On 11 February 2019 I set myself the challenging of reading 1001 Songs You Must Hear Before You Die by Robert Dimery (ed.) and following the book’s advice to the letter. I’ve previously read 1001 Films… and started 1001 Albums… but felt 1001 Songs… would be a sensible place to start for what I have in mind here.
My challenge is to read about one song per day and listen to it (YouTube and Spotify, I need you tonight!) before sharing my own thoughts. Some songs I will love, others I’ll hate, and I’m sure there will be those that leave me perplexed but listen to them I shall.
I’ll also try, and most likely fail, to pinpoint the best song from the 1001 on offer but I’m nothing if not foolhardy. Instead of one song, I’m predicting I’ll have about 100 favourites by the end and may have to resort to a Top 10 so far to maintain any semblance of sanity.
So long as I post everyday (including Christmas) then this challenge should come to an end on Wednesday 8 November 2021. Staying with the Barney Stinson theme I am hoping that the whole experience will prove to be…
John Cale – Child’s Christmas in Wales (1973)
We leave behind the Eagles and the US and make our way across the Atlantic to the UK and to Wales. First visit here? Quite possibly, but having listened to 350+ songs on this list so far I am finding it hard to recall every location we have been to, dear reader. Anyway, today we are in the company of John Cale who was born in Wales before relocating to New York in the 1960s where he was one of the founding members of The Velvet Underground. We pick up Cale’s career after that group’s demise when he had turned to solo work and released his third album – Paris 1919 – in 1973. 1001 Songs has lifted the opening track from that record – Child’s Christmas in Wales.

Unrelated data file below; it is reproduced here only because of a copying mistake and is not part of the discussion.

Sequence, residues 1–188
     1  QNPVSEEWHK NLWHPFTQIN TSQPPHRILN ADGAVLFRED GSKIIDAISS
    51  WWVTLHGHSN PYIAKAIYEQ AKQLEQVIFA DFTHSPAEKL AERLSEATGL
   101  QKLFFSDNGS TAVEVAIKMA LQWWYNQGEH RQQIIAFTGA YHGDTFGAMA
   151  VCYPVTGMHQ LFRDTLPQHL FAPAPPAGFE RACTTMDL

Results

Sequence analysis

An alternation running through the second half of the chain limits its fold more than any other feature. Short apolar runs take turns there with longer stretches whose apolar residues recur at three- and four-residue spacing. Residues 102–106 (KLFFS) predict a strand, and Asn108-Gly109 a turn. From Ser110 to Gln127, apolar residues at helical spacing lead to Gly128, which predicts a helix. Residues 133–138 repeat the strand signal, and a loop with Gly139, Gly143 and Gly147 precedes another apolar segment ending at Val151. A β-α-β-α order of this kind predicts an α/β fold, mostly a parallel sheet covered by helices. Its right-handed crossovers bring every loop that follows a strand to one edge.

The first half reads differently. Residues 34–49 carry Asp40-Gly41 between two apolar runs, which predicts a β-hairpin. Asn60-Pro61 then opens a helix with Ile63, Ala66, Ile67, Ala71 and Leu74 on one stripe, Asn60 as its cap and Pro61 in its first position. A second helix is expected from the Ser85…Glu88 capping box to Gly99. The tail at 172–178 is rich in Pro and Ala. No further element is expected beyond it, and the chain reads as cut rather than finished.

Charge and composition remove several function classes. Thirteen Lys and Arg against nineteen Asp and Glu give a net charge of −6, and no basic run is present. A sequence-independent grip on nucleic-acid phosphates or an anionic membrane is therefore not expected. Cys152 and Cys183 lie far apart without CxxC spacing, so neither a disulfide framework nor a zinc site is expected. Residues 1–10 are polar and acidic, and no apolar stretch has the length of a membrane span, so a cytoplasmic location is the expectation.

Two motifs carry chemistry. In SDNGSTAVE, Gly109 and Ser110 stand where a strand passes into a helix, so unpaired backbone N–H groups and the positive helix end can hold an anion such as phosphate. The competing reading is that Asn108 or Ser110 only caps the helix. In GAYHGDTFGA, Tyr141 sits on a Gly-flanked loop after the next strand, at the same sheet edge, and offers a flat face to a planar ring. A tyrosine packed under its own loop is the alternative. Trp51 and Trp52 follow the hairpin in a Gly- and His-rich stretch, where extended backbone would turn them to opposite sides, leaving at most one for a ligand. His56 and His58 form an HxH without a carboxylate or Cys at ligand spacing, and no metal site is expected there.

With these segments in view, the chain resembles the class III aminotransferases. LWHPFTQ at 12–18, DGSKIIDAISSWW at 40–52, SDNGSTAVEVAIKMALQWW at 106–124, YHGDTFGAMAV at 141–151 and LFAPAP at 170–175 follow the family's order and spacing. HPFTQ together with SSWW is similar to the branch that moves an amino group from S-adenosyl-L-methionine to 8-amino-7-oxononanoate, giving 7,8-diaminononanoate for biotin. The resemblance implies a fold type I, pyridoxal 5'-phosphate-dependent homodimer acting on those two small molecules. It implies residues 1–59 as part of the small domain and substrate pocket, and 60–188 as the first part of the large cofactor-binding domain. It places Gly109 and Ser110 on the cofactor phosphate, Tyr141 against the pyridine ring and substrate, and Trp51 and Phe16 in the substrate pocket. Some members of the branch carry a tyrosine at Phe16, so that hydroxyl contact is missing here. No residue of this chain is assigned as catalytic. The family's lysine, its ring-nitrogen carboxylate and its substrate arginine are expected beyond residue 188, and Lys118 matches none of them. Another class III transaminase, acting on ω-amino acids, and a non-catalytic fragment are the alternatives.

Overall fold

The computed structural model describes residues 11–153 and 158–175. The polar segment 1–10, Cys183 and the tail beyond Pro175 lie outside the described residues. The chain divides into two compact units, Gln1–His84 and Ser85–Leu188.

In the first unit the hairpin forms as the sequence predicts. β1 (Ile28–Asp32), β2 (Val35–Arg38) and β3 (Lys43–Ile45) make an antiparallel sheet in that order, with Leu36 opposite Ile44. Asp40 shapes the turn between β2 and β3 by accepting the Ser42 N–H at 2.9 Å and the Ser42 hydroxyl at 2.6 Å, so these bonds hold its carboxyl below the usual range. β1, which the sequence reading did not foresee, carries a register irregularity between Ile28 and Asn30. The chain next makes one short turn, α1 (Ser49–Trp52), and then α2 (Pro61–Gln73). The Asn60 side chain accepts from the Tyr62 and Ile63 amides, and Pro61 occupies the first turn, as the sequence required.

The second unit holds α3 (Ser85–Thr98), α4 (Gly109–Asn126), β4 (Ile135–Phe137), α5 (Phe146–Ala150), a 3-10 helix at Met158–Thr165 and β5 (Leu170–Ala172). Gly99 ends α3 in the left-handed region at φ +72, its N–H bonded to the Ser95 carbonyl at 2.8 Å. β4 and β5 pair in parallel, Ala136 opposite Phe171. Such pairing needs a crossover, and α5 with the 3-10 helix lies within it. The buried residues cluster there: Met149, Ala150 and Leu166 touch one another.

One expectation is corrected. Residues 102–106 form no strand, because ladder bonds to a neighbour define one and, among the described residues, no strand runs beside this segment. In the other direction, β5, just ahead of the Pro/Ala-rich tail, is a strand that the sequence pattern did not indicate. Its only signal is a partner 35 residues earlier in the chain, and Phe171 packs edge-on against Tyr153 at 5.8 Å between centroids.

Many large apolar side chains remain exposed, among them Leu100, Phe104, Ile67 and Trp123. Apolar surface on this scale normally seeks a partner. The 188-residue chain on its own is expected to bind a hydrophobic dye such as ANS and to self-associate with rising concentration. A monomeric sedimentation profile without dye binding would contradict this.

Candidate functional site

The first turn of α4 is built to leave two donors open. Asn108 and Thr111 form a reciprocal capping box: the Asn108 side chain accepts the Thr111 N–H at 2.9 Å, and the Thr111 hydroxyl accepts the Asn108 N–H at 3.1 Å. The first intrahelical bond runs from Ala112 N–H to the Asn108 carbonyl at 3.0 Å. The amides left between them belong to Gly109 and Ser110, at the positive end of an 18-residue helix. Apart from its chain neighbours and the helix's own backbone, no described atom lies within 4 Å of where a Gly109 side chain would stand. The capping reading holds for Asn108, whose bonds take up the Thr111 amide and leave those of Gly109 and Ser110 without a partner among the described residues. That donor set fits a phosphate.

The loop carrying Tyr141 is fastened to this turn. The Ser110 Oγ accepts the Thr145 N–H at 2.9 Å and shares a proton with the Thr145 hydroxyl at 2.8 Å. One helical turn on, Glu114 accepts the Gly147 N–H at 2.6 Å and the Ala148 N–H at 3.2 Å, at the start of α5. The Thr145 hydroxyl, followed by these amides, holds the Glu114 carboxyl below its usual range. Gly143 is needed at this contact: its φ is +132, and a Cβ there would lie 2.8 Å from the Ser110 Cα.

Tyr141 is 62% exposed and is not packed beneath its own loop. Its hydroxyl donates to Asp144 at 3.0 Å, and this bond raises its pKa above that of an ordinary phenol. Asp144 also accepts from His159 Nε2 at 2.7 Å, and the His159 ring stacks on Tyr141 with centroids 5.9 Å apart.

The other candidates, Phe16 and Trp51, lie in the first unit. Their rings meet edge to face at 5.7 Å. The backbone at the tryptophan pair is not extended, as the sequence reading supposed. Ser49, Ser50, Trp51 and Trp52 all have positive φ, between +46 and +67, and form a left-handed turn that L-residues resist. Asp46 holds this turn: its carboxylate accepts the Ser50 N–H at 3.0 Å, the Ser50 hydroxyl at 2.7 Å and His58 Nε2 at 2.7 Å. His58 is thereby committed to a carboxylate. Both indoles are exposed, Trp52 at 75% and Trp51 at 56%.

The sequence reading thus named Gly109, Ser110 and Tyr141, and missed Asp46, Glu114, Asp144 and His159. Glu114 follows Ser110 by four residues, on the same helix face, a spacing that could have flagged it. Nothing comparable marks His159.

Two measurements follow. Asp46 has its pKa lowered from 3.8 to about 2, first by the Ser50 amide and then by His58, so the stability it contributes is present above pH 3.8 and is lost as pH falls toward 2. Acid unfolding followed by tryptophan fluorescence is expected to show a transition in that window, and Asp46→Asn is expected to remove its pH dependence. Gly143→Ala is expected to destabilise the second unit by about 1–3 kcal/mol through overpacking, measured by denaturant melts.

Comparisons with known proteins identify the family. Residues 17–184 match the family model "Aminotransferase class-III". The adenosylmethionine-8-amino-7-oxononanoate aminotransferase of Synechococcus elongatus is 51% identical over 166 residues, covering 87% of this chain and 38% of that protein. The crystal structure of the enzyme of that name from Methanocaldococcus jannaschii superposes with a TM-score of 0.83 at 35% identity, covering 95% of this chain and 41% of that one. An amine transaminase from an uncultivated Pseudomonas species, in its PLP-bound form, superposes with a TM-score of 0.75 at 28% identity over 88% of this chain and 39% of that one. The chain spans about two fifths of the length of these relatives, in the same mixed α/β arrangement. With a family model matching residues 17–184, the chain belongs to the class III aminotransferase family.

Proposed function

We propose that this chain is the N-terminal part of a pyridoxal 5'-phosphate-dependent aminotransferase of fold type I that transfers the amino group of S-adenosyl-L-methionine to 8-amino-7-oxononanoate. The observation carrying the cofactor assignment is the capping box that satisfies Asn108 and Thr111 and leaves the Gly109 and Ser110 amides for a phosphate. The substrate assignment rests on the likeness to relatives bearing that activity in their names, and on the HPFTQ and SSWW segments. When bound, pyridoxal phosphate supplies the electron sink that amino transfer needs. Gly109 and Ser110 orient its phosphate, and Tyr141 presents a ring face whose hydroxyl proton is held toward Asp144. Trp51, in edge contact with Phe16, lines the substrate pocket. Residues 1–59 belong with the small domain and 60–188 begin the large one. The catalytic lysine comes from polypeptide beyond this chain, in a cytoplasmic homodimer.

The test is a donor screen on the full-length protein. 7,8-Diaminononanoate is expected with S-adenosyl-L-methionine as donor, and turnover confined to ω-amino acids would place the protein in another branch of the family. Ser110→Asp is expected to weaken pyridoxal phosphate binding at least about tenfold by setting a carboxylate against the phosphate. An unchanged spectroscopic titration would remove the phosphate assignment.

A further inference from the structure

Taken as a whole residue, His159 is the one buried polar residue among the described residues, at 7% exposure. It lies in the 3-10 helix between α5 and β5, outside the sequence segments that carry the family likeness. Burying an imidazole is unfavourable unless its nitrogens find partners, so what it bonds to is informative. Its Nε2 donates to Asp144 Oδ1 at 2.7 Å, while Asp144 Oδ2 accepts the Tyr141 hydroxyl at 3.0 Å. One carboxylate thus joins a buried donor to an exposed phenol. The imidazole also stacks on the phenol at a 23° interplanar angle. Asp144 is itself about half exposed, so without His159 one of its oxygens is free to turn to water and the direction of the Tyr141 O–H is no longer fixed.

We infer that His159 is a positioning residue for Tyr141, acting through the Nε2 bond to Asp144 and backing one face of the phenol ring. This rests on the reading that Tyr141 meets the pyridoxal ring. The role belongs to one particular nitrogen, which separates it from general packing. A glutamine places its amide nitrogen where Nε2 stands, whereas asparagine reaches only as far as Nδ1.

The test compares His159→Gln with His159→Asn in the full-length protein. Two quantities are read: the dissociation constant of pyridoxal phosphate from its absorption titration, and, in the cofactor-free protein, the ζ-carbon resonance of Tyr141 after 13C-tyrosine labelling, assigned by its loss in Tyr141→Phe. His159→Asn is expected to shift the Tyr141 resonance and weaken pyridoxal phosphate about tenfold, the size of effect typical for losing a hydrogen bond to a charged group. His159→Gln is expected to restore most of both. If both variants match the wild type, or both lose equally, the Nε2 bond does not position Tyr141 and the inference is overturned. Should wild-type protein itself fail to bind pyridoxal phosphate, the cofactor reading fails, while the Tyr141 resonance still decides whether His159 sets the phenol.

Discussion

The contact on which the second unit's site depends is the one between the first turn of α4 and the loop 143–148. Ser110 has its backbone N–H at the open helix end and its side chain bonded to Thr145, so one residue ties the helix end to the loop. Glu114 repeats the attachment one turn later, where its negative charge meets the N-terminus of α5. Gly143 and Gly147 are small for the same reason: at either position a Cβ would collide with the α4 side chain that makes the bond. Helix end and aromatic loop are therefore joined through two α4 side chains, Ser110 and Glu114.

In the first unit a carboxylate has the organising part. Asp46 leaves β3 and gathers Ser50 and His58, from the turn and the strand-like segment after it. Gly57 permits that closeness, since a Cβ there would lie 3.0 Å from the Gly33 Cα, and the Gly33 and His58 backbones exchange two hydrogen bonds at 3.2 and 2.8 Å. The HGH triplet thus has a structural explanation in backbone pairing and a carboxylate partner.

Child’s Christmas in Wales is a tribute of sorts to the poet, Dylan Thomas, or at least the title of the song is for it is identical to one of Thomas’ own pieces. Beyond that, this is all Cale’s composition and a peculiar one it is. It seems to reference memories of childhood though isn’t necessarily all about Christmas. We hear about mistletoe and green candles, a nod to Halloween, but also to ships out on the high seas. There is talk of cattle, presumably in the Welsh valleys, but also of childhood whimsy with sword fights and arranged meeting places for duels. There is the coming together of reverential crowds in church with messages of hallelujah and prayers made collectively that are said to bring down walls such is their power. Mention of “Sebastopol Adrianapolis” makes the song even more cryptic. It comes across as a nostalgia cruise but ambiguity is prevalent throughout and makes any overall meaning hard to decipher.
It’s interesting to invest some of our time in the members of The Velvet Underground and thus far we have had songs from Nico, Lou Reed and now John Cale, so they were clearly a group worth of their legendary reputation. Child’s Christmas in Wales is very different to Velvet Underground’s work but Cale is known as an artist who likes to sample a myriad of music genres. It has a festive feel to it but the lyrics are not strongly forthcoming in meaning so what sounds like an upbeat ditty may be anything but.
Favourite songs so far:
The Animals – House of the Rising Sun (1964)
Simon & Garfunkel – The Sounds of Silence (1965)
The Beach Boys – God Only Knows (1966)
The Doors – The End (1967)
The Beatles – A Day in the Life (1967)
The Kinks – Days (1968)
Derek & The Dominos – Layla (1970)
David Bowie – Life on Mars? (1971)
Rod Stewart – Maggie May (1971)
Carly Simon – You’re So Vain (1972)